Troubleshoot ASP.NET Core on Azure App Service and IIS

By Luke Latham and Justin Kotalik

This article provides information on common app startup errors and instructions on how to diagnose errors when an app is deployed to Azure App Service or IIS:

App startup errors
Explains common startup HTTP status code scenarios.

Troubleshoot on Azure App Service
Provides troubleshooting advice for apps deployed to Azure App Service.

Troubleshoot on IIS
Provides troubleshooting advice for apps deployed to IIS or running on IIS Express locally. The guidance applies to both Windows Server and Windows desktop deployments.

Clear package caches
Explains what to do when incoherent packages break an app when performing major upgrades or changing package versions.

Additional resources
Lists additional troubleshooting topics.

App startup errors

In Visual Studio, an ASP.NET Core project defaults to IIS Express hosting during debugging. A 502.5 - Process Failure or a 500.30 - Start Failure that occurs when debugging locally can be diagnosed using the advice in this topic.

In Visual Studio, an ASP.NET Core project defaults to IIS Express hosting during debugging. A 502.5 Process Failure that occurs when debugging locally can be diagnosed using the advice in this topic.

500 Internal Server Error

The app starts, but an error prevents the server from fulfilling the request.

This error occurs within the app's code during startup or while creating a response. The response may contain no content, or the response may appear as a 500 Internal Server Error in the browser. The Application Event Log usually states that the app started normally. From the server's perspective, that's correct. The app did start, but it can't generate a valid response. Run the app at a command prompt on the server or enable the ASP.NET Core Module stdout log to troubleshoot the problem.

500.0 In-Process Handler Load Failure

The worker process fails. The app doesn't start.

The ASP.NET Core Module fails to find the .NET Core CLR and find the in-process request handler (aspnetcorev2_inprocess.dll). Check that:

500.0 Out-Of-Process Handler Load Failure

The worker process fails. The app doesn't start.

The ASP.NET Core Module fails to find the out-of-process hosting request handler. Make sure the aspnetcorev2_outofprocess.dll is present in a subfolder next to aspnetcorev2.dll.

500.0 In-Process Handler Load Failure

The worker process fails. The app doesn't start.

An unknown error occurred loading ASP.NET Core Module components. Take one of the following actions:

500.30 In-Process Startup Failure

The worker process fails. The app doesn't start.

The ASP.NET Core Module attempts to start the .NET Core CLR in-process, but it fails to start. The cause of a process startup failure can usually be determined from entries in the Application Event Log and the ASP.NET Core Module stdout log.

A common failure condition is the app is misconfigured due to targeting a version of the ASP.NET Core shared framework that isn't present. Check which versions of the ASP.NET Core shared framework are installed on the target machine.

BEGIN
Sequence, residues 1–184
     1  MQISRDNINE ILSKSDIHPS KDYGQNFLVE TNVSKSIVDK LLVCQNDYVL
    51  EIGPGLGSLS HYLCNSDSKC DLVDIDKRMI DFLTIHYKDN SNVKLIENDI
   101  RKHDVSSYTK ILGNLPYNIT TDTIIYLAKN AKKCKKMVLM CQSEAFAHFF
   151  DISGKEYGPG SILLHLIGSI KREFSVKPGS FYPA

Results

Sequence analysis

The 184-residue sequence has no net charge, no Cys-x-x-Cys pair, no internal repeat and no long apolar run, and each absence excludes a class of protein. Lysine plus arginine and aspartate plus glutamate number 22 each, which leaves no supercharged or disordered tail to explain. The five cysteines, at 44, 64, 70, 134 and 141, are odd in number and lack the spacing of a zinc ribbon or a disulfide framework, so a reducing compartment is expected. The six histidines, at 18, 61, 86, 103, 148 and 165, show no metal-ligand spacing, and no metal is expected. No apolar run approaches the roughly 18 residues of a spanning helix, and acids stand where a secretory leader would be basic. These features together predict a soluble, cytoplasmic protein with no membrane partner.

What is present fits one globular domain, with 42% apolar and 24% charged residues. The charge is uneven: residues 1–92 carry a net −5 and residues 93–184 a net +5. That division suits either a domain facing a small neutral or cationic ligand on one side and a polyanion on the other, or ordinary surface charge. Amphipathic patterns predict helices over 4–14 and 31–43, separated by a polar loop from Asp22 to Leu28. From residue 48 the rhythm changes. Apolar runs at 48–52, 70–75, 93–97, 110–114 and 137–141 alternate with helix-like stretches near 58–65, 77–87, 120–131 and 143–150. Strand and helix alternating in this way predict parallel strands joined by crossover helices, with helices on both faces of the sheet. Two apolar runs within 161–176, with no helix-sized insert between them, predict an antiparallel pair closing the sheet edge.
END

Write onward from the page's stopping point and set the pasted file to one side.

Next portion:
500.31 ANCM Failed to Find Native Dependencies

The worker process fails. The app doesn't start.

The ASP.NET Core Module attempts to start the .NET Core runtime in-process, but it fails to start. The most common cause of this startup failure is when the Microsoft.NETCore.App or Microsoft.AspNetCore.App runtime isn't installed. If the app is deployed to target ASP.NET Core 3.0 and that version doesn't exist on the machine, this error occurs. An example error message follows:

The specified framework 'Microsoft.NETCore.App', version '3.0.0' was not found.
  - The following frameworks were found:
      2.2.1 at [C:\Program Files\dotnet\x64\shared\Microsoft.NETCore.App]
      3.0.0-preview5-27626-15 at [C:\Program Files\dotnet\x64\shared\Microsoft.NETCore.App]
      3.0.0-preview6-27713-13 at [C:\Program Files\dotnet\x64\shared\Microsoft.NETCore.App]
      3.0.0-preview6-27714-15 at [C:\Program Files\dotnet\x64\shared\Microsoft.NETCore.App]
      3.0.0-preview6-27723-08 at [C:\Program Files\dotnet\x64\shared\Microsoft.NETCore.App]

The error message lists all the installed .NET Core versions and the version requested by the app. To fix this error, either:

  • Install the appropriate version of .NET Core on the machine.
  • Change the app to target a version of .NET Core that's present on the machine.
  • Publish the app as a self-contained deployment.

When running in development (the ASPNETCORE_ENVIRONMENT environment variable is set to Development), the specific error is written to the HTTP response. The cause of a process startup failure is also found in the Application Event Log.

500.32 ANCM Failed to Load dll

The worker process fails. The app doesn't start.

The most common cause for this error is that the app is published for an incompatible processor architecture. If the worker process is running as a 32-bit app and the app was published to target 64-bit, this error occurs.

To fix this error, either:

500.33 ANCM Request Handler Load Failure

The worker process fails. The app doesn't start.

The app didn't reference the Microsoft.AspNetCore.App framework. Only apps targeting the Microsoft.AspNetCore.App framework can be hosted by the ASP.NET Core Module.